Converting over to YUI3 gives you a speed boost right off the bat, but there are things you can do to make it even better.These are some things that worked for us
This makes sense in most cases, since script tags block and slow down the page from being rendered.But if your page depends heavily on JS, it can actually increase perceived loading timehttp://www.flickr.com/photos/sshb/3981130921/
It means that the bulk of your JS won't be downloaded and executed until a second or two after the rest of the UI. Having no-JS fallbacks also makes it worse.Instead of a button that does nothing for a short time, it actually takes you off the page.The problem is exasperated by using YUI3's deferred module loading .http://www.flickr.com/photos/blueskin808/1422588776/
We include a small amount of JS in the head, enough to attach click events and to show a busy indicator.We then start to queue up clicks.When a module registers itself, it checks the queue and performs the necessary actions.The action queue code handles cleanup of the busy indicators. http://www.flickr.com/photos/boliston/3958674786/
It tricks people into thinking the UI is responsive.Action queuing doesn't actually solve the problem, it just improves the perceived load timehttp://www.flickr.com/photos/markscott/1117392453/
Page load times are down significantly (900ms for Safari, 1.5 for Chrome)Code is modular and maintainableThe architecture will last us for the next 5 years, even if the individual modules that make it up don't
These users get pages that sort of work, but don't have all the JS modulesIt's their problem to fix, but most can't do anything about itWe had to fix it on our endhttp://www.flickr.com/photos/simonhua/4696240744/
We replaced the names of modules with single or double character strings. This algorithm wasn't reversible, but it was easy to implement and doesn't require a database to store shortened names.We have to run the script that builds the substitution dictionary every once in a while, but that's easy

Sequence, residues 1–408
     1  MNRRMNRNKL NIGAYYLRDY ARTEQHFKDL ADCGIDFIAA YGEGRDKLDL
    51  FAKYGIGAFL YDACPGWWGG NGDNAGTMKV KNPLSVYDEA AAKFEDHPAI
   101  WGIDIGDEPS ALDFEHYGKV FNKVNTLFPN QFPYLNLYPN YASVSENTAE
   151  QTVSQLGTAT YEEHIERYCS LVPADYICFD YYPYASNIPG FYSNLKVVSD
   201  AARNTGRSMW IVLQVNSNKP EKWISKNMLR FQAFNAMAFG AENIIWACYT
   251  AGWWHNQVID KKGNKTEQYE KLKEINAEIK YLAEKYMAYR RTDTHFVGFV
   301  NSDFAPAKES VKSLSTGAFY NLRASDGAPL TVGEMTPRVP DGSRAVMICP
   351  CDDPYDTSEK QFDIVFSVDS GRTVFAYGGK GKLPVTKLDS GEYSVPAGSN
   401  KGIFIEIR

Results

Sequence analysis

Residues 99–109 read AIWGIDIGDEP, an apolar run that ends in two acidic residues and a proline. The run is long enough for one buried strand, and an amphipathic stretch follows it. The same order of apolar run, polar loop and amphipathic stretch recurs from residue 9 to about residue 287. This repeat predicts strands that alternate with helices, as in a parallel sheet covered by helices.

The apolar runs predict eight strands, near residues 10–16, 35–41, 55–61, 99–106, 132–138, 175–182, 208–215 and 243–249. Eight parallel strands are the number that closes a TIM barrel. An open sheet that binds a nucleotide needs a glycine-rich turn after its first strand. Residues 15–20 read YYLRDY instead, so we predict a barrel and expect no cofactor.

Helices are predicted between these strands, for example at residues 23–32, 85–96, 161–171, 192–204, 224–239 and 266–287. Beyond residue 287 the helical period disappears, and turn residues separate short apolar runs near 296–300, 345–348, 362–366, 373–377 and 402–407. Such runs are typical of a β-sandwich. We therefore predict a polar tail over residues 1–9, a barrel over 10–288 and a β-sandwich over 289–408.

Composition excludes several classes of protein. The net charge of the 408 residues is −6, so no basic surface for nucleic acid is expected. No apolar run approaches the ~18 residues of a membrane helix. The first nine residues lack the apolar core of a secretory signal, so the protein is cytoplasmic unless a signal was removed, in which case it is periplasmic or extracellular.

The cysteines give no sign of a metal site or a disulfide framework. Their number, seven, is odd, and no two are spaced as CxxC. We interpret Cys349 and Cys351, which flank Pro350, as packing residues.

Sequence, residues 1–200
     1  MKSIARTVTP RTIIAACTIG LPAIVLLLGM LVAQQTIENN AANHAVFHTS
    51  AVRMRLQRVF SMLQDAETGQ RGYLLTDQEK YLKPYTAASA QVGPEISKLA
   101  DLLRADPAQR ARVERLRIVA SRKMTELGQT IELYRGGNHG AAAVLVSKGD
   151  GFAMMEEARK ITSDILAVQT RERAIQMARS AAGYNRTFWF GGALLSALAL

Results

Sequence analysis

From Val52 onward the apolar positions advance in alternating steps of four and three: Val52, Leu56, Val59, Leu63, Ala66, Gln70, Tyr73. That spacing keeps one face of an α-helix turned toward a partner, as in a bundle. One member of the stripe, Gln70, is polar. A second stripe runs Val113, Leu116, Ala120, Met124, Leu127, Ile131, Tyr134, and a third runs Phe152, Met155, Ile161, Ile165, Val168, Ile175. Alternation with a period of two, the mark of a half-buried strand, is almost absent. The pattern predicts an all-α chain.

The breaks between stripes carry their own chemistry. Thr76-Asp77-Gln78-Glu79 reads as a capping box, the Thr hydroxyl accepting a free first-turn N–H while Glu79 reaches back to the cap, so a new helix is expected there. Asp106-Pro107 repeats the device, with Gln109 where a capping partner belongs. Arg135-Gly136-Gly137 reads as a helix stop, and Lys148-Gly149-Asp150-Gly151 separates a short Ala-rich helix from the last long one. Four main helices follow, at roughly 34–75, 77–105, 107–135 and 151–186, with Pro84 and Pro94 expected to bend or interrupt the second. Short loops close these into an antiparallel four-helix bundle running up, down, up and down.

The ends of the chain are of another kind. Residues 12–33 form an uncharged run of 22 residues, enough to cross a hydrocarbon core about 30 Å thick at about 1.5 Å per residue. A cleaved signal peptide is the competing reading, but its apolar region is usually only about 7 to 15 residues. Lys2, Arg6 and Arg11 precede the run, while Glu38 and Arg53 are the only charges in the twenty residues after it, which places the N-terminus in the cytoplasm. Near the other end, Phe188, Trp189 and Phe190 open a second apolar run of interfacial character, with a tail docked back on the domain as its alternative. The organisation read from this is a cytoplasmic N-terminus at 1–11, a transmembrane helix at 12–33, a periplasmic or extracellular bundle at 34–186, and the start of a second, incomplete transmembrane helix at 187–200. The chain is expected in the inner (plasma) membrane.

They are a small minority at the moment, but eventually we'll have to deal with this problem.1600 characters or lower is the limit we found covers pretty much everyone.http://www.flickr.com/photos/inkiboo/203350186/
It seems that some corporate firewall refuse to load any URL that has the string 'xxx' in it. We had to implement a check that would use the longer version of the string if xxx was detected. There is a long list of words that triggers this response from corporate firewalls. http://www.flickr.com/photos/sahlgoode/5012048467/
Not just scrolling, but almost all UI interactions requiring a click or a draghttp://www.flickr.com/photos/lin/372711782/
Both of these need to poll, with setInterval() in case the elements don't exist yet. We found that we were able to create our own delegate method, using Y.on and Y.Node.test that was twice as fast, when run through a massive selenium test. This isn't to say that ours is better (it isn't), but that Y.delegate() has to handle a lot of cases, and has baggage for most uses cases.
This probably goes without saying, but customizing the solutions for each situation is obviously going to be faster.What was surprising to me was just how slow delegate and on were before we customized them.http://www.flickr.com/photos/cybertoad/2102752062/
Don't assume that, just because you're using an established library, you don't need to know what's going on under the hood. We removed all instances of Y.delegate and Y.on, and massively improved the click performance of IE. YMMV.http://www.flickr.com/photos/roadsidepictures/1389358202/
There are things on every page that are only used very infrequently. We found that most of the buttons on our photo page are used a very small percentage of the time, and that most users are just there to passively view the photo
There is no need to include markup, JS and CSS on the page at load time for things that are rarely used. Instead, attach event handlers that will fetch the markup and invoke Y.use() to fetch the CSS and JS.
It’s definitely not a good an experience to have to load things only when, for example, a button is clicked. You can make it seems faster by showing a loading indicator when the fragment is being fetched, or have the markup fetch start early, when the user mouses over a link (lots of false positives from this, though).One optimization is to fetch multiple fragments at once, as soon as it becomes clear that the user will need them at some point.